Pharm problem help!?


Oct 22, '17Joined: Apr '06; Posts: 2,729; Likes: 4,154Why don't you show us what you have done so far? This will better allow us to help you if we see where you are having problems.


Oct 22, '17Joined: Apr '06; Posts: 2,729; Likes: 4,154Quote from btf4You are trying to include way too much information in your problem. When you work this type of problem you are often provided much more information than you need; therefore you need to determine what information you need to solve this."X"ML= 350mg/1* 1/250mg * 6.6= 2310/250= 9.24ML
From the information provided in your original post, what are you being asked to solve, and of the information provided, what do you think you are going to need?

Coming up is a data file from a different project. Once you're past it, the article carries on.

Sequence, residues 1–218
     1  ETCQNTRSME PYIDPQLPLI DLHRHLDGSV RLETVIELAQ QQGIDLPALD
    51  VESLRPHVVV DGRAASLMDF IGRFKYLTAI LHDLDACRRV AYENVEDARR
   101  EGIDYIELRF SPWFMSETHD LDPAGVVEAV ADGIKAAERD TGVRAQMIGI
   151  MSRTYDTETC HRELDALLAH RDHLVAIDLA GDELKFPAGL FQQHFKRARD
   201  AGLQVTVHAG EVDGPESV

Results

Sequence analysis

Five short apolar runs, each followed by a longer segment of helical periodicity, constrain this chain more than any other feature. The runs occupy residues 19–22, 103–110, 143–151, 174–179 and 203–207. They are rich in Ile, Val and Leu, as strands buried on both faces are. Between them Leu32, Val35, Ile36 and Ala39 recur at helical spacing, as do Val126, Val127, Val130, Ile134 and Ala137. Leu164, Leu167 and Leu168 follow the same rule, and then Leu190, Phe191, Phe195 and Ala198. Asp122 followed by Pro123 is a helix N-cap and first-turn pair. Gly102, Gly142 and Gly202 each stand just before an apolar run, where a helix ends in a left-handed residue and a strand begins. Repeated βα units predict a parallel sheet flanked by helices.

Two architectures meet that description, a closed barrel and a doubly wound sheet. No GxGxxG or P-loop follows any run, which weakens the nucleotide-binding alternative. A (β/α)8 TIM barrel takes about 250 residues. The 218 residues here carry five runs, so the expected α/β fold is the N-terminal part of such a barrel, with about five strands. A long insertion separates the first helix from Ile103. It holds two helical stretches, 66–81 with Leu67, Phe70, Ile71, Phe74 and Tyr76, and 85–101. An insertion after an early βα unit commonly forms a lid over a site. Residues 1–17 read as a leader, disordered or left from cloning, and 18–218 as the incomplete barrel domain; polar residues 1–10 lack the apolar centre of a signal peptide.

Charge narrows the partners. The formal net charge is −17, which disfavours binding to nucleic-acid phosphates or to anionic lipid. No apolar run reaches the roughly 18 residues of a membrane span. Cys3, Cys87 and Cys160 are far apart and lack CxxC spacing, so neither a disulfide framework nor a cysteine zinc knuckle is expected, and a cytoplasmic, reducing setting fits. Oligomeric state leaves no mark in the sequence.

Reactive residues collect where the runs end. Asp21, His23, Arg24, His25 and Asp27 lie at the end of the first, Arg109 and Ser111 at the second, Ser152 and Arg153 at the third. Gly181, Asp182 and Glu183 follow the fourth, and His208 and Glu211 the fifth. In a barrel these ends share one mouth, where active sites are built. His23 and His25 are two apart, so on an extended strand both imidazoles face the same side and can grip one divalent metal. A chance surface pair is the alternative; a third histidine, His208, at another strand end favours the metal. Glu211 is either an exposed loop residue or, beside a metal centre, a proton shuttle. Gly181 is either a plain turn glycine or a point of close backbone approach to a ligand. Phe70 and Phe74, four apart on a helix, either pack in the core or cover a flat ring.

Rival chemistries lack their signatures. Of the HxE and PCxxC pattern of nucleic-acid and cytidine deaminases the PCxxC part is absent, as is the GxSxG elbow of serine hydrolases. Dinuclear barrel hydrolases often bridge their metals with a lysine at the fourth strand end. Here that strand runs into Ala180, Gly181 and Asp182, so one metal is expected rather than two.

Quote from btf4Nafcil IM requires the additional of 6.6 ml of sterile water for reconstitution. The reconstituted solution has a dosage strength of 250 mg per ml. If a
350 mg dosage is ordered, how many ml will you give 
Oct 22, '17Joined: Nov '14; Posts: 47; Likes: 8im being asked for how many ml to give, so i should not include the 6.6ml in the equation? so "X"ml=350mg * 1/250mg= 1.4ml?

Oct 22, '17Joined: Apr '06; Posts: 2,729; Likes: 4,154Quote from btf4Yes, 1.4 mL is correct.im being asked for how many ml to give, so i should not include the 6.6ml in the equation? so "X"ml=350mg * 1/250mg= 1.4ml?
As you were provided the concentration after dilution (350 mg/mL) you do not need to include the 6.6 mL diluent volume. For most, if not all medications that you reconstitute, the volume of diluent (6.6 mL) to use, and the final concentration (350 mg/mL) will be provided on the vial or in the package insert.
Also, for this you could have used the D/H * V formula, where D equal the dose to administer, H equal the concentration that you have, and V equal the volume for H.
Good job!